The U.S. Treasury’s five- and seven-year note auctions this week attracted the least demand in four years amid speculation a strengthening economy will prompt the Federal Reserve to reduce its bond-buying program.
The bid-to-cover ratio on yesterday’s seven-year note sale, which gauges demand by comparing total bids with the amount of securities offered, was 2.43, the least since May 2009 and versus an average of 2.65 for the past 10 sales. The five-year note sale on Aug. 28 drew a bid of $2.38 for every dollar sold in debt, the least since July 2009. The Aug. 27 sale of $34 billion of two-year notes, the shortest maturity U.S. coupon debt, attracted the most demand since April.
Desire to buy U.S. debt has waned as the Fed policy makers have signaled they are comfortable with reducing monetary stimulus if the economy continues to expand. Investors have bid $2.87 for each dollar of the $1.443 trillion in U.S. government notes and bonds sold at auction this year, according to Treasury data compiled by Bloomberg. That’s down from the record $3.15 for the $2.153 trillion sold at last year’s offerings.
“The story in rates is about the Fed taper,” said Adrian Miller, director of fixed-income strategies at GMP Securities LLC in New York. “Economic numbers are doing better and you have seen aggregate demand for five- and seven-year auctions cool.”
This week’s sales will raise $38.1 billion of new cash, as maturing securities held by the public total $59.9 billion, according to the U.S. Treasury.
The seven-year note auction drew a yield of 2.221 percent, compared with a forecast of 2.232 percent in a Bloomberg News survey of seven of the Federal Reserve’s 21 primary dealers.
Indirect bidders, an investor class that includes foreign central banks, purchased 40.8 percent of the notes, compared with an average of 39.9 percent for the past 10 sales.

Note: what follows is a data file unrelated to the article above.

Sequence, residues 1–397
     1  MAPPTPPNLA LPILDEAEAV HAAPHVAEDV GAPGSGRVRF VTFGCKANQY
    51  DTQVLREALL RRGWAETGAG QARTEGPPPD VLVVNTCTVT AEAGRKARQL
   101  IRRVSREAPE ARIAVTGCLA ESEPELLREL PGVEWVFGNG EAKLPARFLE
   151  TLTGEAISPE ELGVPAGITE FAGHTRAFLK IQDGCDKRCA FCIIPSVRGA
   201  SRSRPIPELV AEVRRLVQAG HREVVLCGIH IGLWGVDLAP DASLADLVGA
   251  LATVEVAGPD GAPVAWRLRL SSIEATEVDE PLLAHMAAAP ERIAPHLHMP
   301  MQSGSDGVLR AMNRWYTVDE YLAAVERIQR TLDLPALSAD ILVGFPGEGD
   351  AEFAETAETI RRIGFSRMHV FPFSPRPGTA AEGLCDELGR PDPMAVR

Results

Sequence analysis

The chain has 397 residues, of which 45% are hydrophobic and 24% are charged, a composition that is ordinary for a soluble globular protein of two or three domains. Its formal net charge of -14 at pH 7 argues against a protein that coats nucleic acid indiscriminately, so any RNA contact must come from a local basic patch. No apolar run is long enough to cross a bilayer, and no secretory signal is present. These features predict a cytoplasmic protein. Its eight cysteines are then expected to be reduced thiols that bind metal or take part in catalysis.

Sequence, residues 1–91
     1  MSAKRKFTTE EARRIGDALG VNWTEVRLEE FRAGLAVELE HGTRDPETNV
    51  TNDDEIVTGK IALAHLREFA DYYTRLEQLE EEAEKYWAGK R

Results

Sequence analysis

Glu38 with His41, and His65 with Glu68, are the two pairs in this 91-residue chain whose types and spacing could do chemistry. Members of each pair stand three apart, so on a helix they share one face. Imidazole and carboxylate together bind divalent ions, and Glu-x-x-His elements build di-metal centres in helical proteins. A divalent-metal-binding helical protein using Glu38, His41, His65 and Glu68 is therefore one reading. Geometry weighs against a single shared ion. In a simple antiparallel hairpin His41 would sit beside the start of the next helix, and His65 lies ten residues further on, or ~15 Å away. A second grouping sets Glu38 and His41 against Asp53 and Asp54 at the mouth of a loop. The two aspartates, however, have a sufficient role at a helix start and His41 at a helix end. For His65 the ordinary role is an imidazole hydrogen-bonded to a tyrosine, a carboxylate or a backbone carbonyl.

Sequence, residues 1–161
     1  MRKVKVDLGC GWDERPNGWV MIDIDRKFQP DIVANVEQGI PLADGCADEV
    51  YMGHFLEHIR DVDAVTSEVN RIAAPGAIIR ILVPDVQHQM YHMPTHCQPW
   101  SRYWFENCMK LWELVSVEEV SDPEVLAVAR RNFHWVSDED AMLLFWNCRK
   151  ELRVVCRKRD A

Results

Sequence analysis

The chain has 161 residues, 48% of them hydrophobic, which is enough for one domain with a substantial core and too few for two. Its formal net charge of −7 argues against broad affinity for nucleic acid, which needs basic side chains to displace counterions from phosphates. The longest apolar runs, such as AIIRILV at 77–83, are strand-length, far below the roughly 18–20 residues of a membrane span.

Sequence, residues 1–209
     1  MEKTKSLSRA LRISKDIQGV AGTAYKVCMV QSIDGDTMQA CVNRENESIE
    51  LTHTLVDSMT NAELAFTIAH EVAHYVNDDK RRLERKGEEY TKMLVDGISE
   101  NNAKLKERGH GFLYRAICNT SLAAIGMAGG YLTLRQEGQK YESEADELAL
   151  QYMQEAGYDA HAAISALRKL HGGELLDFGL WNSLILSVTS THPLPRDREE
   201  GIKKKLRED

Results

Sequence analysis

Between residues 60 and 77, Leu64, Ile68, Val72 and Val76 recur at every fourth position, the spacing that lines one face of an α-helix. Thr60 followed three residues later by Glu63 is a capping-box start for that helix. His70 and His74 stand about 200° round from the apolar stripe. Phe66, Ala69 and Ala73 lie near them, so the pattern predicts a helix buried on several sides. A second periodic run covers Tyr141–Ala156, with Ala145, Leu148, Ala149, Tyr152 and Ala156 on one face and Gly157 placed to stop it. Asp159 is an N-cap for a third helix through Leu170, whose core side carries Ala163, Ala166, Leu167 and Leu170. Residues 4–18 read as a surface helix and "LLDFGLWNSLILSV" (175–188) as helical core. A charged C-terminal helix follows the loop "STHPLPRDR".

Direct bidders, non-primary-dealer investors that place their bids directly with the Treasury, purchased 22.4 percent of the notes at the sale, compared with an average of 19.1 percent for the past 10 auctions.
Securities maturing in seven or more years are “the most vulnerable points on the curve on a tapering move,” said Carlos Pro, an interest-rate strategist at Credit Suisse Group AG in New York, one of the Fed’s 21 primary dealers obligated to bid at U.S. debt sales. The weakness in the auction “reflects the market’s caution toward the intermediate sector of the curve.”
The sale of $35 billion in five-year notes yesterday turned into additional issuance of seven-year notes sold in 2011, the first so-called unscheduled reopening of a security since 2004.
With the five-year yielding 1.624 percent at the sale, the notes were assigned a 1.5 percent coupon, matching the interest payout on the seven-year security issued in August 2011 with the same 2018 maturity date. The debt will be classified as a five-year note, according to the Treasury Department.
The sale of two-year notes drew a yield of 0.386 percent. The size of the offering was the first cut in issuance since October 2010. The Treasury has sold $35 billion at the past 34 sales of two-year notes. The securities peaked at $44 billion from October 2009 through April 2010.
“Given the uncertainty in the market, the auctions were a mixed bag at best,” said Larry Milstein, managing director in New York of government-debt trading at R.W. Pressprich & Co. “The bias in the market is to test higher yields.”
To contact the reporter on this story: Cordell Eddings in New York at firstname.lastname@example.org
To contact the editor responsible for this story: Dave Liedtka at email@example.com